Characteristics and behaviors in a sample of patients unaware of their infection until AIDS diagnosis in Italy: A cross-sectional study

Anna Colucci, Roberta Balzano, Laura Camoni, Vincenza Regine, Benedetta Longo, Patrizio Pezzotti, Fabrizio Starace, Loredana Cafaro, Maria Stella Aloisi, Barbara Suligoi, Giovanni Rezza, Enrico Girardi

Research output: Contribution to journalArticlepeer-review

Abstract

The objective of this study was to define the sociodemographic and behavioral characteristics of people unaware of being HIV-positive at AIDS diagnosis. A multi-center cross-sectional study was conducted in 11 Italian centers of infectious diseases, recruited on a voluntary basis. Each center enrolled individuals diagnosed with AIDS aged 18 years from May 2003 to December 2005. The patients were classified into two groups on the basis of the amount of time that elapsed from diagnosis of HIV infection to AIDS diagnosis. Late testers were defined as those with a time period of ≤6 months between first HIV positive test and AIDS diagnosis. In order to evaluate the factors independently associated with being a late tester, a multivariate logistic regression model was performed. The McNemar 2 test was used to analyze behavioral changes before and after HIV diagnosis. During the study period, 245 patients were enrolled; of these, 51.8% were late testers. The variables independently associated with being a late testers were as follows: being employed; having acquired the infection through sexual contacts; having taken the HIV test because they didn't feel well; having at least one symptom or illness among those indicating infection; and not having had paid sex within the 12 months prior to HIV diagnosis. Before and after HIV diagnosis a significant increase in safe-sex behaviors was observed among individuals with no delay in diagnosis. However, the proportion of people who continue not to use condoms is still high. This study seems to indicate that sexual transmission is often associated with late testing. Individuals enrolled seem to have a low perception of risk, they do not undergo HIV testing, and consequently miss the opportunity of early diagnosis.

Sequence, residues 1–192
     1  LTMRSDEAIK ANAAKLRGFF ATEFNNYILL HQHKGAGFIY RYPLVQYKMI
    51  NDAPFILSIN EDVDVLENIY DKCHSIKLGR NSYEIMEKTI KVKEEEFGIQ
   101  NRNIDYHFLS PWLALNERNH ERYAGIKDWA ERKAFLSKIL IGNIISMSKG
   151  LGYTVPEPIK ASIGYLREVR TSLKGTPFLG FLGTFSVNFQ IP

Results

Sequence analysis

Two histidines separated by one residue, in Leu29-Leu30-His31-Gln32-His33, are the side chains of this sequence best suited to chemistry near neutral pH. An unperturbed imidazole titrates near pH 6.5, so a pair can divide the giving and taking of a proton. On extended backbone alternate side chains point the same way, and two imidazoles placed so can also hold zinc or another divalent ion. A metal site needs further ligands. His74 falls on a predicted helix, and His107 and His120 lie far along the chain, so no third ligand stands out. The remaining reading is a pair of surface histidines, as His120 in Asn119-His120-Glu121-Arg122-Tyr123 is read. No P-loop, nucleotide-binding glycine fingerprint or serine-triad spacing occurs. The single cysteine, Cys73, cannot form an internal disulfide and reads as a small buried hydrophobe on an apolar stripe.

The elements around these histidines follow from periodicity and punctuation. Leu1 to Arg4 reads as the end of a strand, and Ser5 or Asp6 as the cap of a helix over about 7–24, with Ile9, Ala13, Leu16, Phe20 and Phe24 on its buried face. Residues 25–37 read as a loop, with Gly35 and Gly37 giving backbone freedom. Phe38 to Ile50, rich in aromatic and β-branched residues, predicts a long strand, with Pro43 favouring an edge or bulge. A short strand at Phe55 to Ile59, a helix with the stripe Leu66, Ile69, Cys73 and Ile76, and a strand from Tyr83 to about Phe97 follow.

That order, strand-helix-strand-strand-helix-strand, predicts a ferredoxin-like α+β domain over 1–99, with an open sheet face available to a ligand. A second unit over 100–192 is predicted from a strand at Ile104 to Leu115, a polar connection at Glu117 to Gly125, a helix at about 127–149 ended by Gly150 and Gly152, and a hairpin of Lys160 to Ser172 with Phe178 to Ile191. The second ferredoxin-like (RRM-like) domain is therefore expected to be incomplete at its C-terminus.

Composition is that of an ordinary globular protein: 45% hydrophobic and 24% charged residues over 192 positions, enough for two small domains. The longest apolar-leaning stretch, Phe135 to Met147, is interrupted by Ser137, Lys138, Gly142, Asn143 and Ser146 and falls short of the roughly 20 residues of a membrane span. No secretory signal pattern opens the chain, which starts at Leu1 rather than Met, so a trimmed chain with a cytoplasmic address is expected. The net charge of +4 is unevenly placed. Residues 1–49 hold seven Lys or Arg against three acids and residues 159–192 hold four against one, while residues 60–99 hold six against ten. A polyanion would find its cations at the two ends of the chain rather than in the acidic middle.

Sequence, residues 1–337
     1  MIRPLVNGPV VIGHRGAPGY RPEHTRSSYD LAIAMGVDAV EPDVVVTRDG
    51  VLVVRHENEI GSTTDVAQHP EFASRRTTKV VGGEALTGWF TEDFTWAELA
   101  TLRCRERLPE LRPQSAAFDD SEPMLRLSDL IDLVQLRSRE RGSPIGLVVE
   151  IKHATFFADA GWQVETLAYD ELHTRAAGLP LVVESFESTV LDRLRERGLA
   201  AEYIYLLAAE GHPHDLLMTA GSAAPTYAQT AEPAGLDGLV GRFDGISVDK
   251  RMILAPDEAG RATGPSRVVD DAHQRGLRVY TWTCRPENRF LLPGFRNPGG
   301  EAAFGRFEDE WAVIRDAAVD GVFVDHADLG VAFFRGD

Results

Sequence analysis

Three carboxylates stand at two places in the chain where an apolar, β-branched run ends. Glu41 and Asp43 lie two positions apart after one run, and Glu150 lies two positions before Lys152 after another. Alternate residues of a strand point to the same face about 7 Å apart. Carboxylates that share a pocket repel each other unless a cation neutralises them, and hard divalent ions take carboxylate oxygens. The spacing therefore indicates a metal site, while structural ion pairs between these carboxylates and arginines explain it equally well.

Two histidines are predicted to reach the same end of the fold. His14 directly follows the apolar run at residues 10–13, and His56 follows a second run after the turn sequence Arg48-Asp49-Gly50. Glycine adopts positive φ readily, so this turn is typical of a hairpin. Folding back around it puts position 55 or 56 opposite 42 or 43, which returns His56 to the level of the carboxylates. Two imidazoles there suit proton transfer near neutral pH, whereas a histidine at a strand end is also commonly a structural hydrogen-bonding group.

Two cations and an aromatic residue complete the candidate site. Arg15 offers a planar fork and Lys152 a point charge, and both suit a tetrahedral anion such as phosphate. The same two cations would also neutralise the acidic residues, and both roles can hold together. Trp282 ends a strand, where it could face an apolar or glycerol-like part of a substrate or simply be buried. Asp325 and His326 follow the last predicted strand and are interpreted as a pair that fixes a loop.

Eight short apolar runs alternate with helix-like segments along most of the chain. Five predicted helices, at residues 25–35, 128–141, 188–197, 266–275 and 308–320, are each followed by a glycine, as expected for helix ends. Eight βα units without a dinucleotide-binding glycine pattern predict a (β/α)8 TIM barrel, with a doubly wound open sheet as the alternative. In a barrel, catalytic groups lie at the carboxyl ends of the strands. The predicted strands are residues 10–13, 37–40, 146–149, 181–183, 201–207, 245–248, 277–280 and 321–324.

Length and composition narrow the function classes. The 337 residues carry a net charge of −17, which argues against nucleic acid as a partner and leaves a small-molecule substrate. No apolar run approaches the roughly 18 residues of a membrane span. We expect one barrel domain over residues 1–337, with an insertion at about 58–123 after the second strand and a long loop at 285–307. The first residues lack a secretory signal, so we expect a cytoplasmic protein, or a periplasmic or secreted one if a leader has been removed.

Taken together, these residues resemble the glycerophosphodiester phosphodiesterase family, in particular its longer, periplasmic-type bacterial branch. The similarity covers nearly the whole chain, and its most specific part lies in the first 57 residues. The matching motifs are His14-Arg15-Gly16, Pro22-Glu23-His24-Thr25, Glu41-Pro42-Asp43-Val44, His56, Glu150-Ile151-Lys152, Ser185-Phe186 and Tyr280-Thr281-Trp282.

Original languageEnglish
Pages (from-to)1067-1075
Number of pages9
JournalAIDS Care - Psychological and Socio-Medical Aspects of AIDS/HIV
Volume23
Issue number9
DOIs
Publication statusPublished - Sep 2011

Keywords

  • AIDS
  • HIV
  • late tester

ASJC Scopus subject areas

  • Public Health, Environmental and Occupational Health
  • Health(social science)
  • Social Psychology

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